Let’s start by creating a /lib/dish.rb file and add the following code:

require "httparty"
Dir[File.dirname(__FILE__) + '/dish/*.rb'].each do |file|
  require file
end

It doesn’t do much: it requires ‘httparty’ and then iterates over every .rb file inside /lib/dish to require it. With this file in place, we will be able to add any functionality inside separate files in /lib/dish and have it automatically loaded just by requiring this single file.

Let’s move to the /spec folder. Here’s the content of the spec_helper.rb file.

#we need the actual library file
require_relative '../lib/dish'
# For Ruby < 1.9.3, use this instead of require_relative
# require(File.expand_path('../../lib/dish', __FILE__))

#dependencies
require 'minitest/autorun'
require 'webmock/minitest'
require 'vcr'
require 'turn'

Turn.config do |c|
 # :outline  - turn's original case/test outline mode [default]
 c.format  = :outline
 # turn on invoke/execute tracing, enable full backtrace
 c.trace   = true
 # use humanized test names (works only with :outline format)
 c.natural = true
end

#VCR config
VCR.config do |c|
  c.cassette_library_dir = 'spec/fixtures/dish_cassettes'
  c.stub_with :webmock
end

There’s quite a few things here worth noting, so let’s break it piece by piece:

  • At first, we require the main lib file for our app, making the code we want to test available to the test suite. The require_relative statement is a Ruby 1.9.3 addition.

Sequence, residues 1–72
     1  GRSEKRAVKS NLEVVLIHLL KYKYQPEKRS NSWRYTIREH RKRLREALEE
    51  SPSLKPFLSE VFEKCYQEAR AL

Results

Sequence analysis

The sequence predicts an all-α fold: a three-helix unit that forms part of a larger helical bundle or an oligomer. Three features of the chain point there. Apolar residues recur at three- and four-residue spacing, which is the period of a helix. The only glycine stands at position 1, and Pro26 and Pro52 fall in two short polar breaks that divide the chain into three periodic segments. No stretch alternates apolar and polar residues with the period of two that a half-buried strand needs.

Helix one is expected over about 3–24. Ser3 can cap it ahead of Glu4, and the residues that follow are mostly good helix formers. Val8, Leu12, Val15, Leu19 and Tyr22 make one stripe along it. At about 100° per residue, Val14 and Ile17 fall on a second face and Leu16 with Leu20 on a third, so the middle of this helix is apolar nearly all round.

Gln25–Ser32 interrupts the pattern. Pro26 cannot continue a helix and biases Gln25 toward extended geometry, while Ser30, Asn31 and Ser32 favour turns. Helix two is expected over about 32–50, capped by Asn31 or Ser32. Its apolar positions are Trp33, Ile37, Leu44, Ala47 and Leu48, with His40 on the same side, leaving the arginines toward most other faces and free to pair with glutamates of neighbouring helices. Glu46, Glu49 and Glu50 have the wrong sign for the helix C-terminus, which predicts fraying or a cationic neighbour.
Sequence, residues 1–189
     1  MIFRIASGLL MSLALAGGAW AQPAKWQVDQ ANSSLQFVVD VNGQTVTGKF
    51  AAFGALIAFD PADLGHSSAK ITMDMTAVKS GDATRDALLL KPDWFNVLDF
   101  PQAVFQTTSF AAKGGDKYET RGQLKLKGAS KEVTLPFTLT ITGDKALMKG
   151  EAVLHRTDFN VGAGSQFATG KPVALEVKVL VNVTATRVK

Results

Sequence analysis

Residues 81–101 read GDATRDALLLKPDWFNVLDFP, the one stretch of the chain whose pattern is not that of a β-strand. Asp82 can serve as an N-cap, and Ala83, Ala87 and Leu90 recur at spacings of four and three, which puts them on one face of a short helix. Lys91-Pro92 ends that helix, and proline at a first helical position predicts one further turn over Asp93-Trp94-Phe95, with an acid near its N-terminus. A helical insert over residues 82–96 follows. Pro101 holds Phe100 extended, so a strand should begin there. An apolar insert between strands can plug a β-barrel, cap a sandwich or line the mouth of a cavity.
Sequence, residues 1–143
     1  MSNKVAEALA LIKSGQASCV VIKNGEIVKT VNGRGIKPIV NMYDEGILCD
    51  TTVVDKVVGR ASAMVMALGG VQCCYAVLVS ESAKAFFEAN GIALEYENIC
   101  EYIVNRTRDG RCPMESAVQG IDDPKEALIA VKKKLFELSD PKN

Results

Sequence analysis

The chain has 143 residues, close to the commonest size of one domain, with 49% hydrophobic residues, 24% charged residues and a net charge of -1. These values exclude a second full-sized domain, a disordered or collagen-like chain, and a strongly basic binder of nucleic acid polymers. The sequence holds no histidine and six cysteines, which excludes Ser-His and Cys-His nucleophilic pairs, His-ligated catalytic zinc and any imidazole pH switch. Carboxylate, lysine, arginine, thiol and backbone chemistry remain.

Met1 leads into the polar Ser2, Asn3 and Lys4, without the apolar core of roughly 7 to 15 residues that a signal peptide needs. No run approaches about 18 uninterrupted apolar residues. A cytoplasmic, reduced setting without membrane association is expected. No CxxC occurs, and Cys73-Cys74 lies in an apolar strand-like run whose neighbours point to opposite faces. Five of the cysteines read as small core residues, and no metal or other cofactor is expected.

• We then require all the library dependencies: minitest/autorun includes all the expectations we will be using, webmock/minitest adds the needed bindings between the two libraries, while vcr and turn are pretty self-explanatory.
  • The Turn config block merely needs to tweak our test output. We will use the outline format, where we can see the description of our specs.
  • The VCR config blocks tells VCR to store the requests into a fixture folder (note the relative path) and to use WebMock as a stubbing library (VCR supports some other ones).

Last, but not least, the Rakefile that contains some support code:

require 'rake/testtask'

Rake::TestTask.new do |t|
  t.test_files = FileList['spec/lib/dish/*_spec.rb']
  t.verbose = true
end

task :default => test

The rake/testtask library includes a TestTask class that is useful to set the location of our test files. From now on, to run our specs, we will only type rake from the library root directory.

As a way to test our configuration, let’s add the following code to /lib/dish/player.rb:

module Dish
  class Player
  end
end

Then /spec/lib/dish/player_spec.rb:

require_relative '../../spec_helper'
# For Ruby < 1.9.3, use this instead of require_relative
# require (File.expand_path('./../../../spec_helper', __FILE__))

describe Dish::Player do

  it "must work" do
    "Yay!".must_be_instance_of String
  end

end

Running rake should give you one test passing and no errors. This test is by no means useful for our project, yet it implicitly verifies that our library file structure is in place (the describe block would throw an error if the Dish::Player module was not loaded).


First Specs

To work properly, Dish requires the Httparty modules and the correct base_uri, i.e. the base url of the Dribbble API. Let’s write the relevant tests for these requirements in player_spec.rb:

...
describe Dish::Player do

  describe "default attributes" do

    it "must include httparty methods" do
      Dish::Player.must_include HTTParty
    end

    it "must have the base url set to the Dribble API endpoint" do
      Dish::Player.base_uri.must_equal 'http://api.dribbble.com'
    end

  end

end

As you can see, Minitest expectations are self-explanatory, especially if you are an RSpec user: the biggest difference is wording, where Minitest prefers “must/wont” to “should/should_not”.

Running these tests will show one error and one failure. To have them pass, let’s add our first lines of implementation code to player.rb:

module Dish

  class Player

    include HTTParty

    base_uri 'http://api.dribbble.com'

  end

end